by Gill James
Miss Pringle did not like the Metrolink. It shuffled and shook her. Many of the people on it were a bit smelly and usually the smelliest of them all would sit themselves down right next to her. Or the only seat remaining would be next to someone who was a bit fatter than they should be and they would take up half of her seat.
However, it was cheaper than paying to park and it would save the hassle with the traffic.
She didn’t have to wait long for a tram. And though there were a lot of people on the platform she managed to find a double seat to herself. She generally marvelled at how selfish some people travelling alone could be. They would take up a double seat and later couples who wanted to travel together had to sit separately. But of course it was different for her. She was Miss Pringle, now retired, but formerly the respected teacher of thousands, yes thousands of infant school children over the years.
It wasn’t the best seat. It was rather near the wibbly-wobbly one that was in the bend in the tram. The bar on the window spoilt her view. If she had to travel by tram, she liked a window seat with a good open view of people’s back gardens. Her very favourite seat was behind the driver; it made her feel as if she was driving the tram.
It must have been all those years of teaching the little ones. That was the sort of thing they liked to do. It must have rubbed off on her.
At Whitefield a couple with a young daughter got on. They stood near the door.
“Why don’t you go and sit next to that lady?” said the father.
Miss Pringle shot the little girl one of her school teacher looks. Don’t you dare.
The little girl buried her head in her father’s arm.
At Prestwich another young family got on.
“There’s a seat next to that lady,” said the mother.
The little boy shook his head and turned his back on Miss Pringle.
Quite right, too. She was no lady. It was funny how when she’d been a girl children were expected to get up from their seats and let grown-ups sit down. Nowadays it was all about the children. Well she wasn’t budging. She was over 60 now.
She was aware of a young man sitting behind her on the wibbly-wobbly seat. Well you could hardly ignore him He was constantly on his mobile and when he wasn’t making or receiving a call, he was exchanging texts with someone or playing some noisy game.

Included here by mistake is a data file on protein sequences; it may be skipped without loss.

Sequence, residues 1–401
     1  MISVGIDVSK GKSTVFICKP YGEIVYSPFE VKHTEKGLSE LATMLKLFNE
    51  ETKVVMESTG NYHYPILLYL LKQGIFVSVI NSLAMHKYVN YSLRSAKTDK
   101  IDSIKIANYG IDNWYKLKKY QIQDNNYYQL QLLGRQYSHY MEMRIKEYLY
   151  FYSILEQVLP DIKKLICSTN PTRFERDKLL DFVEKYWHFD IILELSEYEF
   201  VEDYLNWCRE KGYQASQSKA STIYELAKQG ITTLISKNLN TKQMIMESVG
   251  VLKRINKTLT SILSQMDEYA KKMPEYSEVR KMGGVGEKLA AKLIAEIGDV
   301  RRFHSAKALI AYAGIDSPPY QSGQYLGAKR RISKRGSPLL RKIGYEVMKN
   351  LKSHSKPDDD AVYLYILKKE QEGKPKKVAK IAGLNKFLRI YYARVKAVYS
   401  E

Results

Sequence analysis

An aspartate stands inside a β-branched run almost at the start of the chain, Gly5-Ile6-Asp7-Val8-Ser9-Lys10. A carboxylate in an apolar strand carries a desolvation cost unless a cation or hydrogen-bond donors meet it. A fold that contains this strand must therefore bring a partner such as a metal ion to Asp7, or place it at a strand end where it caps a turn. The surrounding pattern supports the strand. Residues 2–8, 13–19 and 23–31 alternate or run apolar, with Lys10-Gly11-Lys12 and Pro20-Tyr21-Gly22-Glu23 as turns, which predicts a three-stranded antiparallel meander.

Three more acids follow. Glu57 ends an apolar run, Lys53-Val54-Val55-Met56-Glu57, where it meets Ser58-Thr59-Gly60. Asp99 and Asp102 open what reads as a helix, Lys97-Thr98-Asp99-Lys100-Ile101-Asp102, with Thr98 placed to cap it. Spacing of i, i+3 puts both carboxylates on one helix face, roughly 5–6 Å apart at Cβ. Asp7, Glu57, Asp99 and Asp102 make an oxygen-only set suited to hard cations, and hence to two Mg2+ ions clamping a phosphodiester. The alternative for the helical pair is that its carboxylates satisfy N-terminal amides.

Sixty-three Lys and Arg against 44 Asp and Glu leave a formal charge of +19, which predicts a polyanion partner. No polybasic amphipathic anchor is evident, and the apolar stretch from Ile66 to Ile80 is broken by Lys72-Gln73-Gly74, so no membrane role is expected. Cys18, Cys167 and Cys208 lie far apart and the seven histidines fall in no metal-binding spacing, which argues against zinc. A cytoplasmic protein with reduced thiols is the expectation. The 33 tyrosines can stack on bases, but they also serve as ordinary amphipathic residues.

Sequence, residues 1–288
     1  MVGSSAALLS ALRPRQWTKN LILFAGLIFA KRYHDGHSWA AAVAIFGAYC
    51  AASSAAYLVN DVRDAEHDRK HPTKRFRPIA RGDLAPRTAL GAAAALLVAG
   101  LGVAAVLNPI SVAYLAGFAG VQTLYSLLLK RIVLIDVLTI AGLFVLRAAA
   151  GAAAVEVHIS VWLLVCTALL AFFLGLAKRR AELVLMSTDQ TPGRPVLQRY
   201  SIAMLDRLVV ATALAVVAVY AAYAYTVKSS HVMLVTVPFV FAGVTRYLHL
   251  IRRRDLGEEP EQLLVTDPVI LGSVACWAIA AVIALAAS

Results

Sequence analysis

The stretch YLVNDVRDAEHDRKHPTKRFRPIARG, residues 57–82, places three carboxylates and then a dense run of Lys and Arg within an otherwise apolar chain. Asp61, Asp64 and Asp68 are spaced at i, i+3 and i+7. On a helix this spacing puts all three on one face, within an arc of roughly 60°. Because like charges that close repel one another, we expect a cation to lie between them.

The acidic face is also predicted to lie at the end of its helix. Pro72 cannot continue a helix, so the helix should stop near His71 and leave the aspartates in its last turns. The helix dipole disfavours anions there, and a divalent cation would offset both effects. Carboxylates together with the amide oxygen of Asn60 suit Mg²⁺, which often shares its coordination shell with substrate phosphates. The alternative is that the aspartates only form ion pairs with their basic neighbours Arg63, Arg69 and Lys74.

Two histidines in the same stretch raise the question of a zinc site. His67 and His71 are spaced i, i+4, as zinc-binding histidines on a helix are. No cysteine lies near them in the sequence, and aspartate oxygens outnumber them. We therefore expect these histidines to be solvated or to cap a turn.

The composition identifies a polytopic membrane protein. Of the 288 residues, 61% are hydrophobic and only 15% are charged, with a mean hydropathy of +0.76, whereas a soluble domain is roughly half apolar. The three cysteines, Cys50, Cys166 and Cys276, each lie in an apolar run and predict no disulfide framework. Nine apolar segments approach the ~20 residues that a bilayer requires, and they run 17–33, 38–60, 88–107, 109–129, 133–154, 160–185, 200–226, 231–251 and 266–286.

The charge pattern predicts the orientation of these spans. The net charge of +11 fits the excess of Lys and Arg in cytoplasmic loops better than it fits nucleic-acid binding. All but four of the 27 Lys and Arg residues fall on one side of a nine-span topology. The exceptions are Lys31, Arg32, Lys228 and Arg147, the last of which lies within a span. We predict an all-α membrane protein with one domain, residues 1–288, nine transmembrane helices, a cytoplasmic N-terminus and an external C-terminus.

It was an intrusion into people’s alone time. If he’d been one of hers she’d have given him what far. So selfish!
The young man also had his feet on the other single seat opposite his own. Disgraceful.
At Crumpsall a third family got on, an extended one this time. Hindus, Miss Pringle thought. The females all wore shalwar kameez and had their heads covered. The matriarch, a big-boned woman, but perhaps not fat, promptly sat down next to Miss Pringle. At least she didn’t smell, except perhaps of a rather sickly perfume she was wearing. She should at least be grateful that the woman was clean.
The older woman, the same age as herself, Miss Pringle supposed, nodded and smiled. She seemed to be very careful about not taking up more than her half of the seat.
The younger woman and the two High School girls made their way down the aisle. The man held the little boy’s hand tightly.
“Here,” said the young man with the phone. “Take these seats.”
The younger woman and the older of the two girls took the two wibbly-wobbly seats. The older girl pulled the little boy up to sit on his lap. The younger girl and her father held on tight.
“It’s so nice to see that young people still have some manners, is it not?” said the woman sitting next to Miss Pringle.
“It is indeed,” said Miss Pringle, though it hadn’t been quite what she had expected. A shock, really.
Now what could she complain about?
About the author
Gill James writes fiction of all lengths for children, adults and young adults. She also works as an editor and publisher and in fact edits this e-zine,
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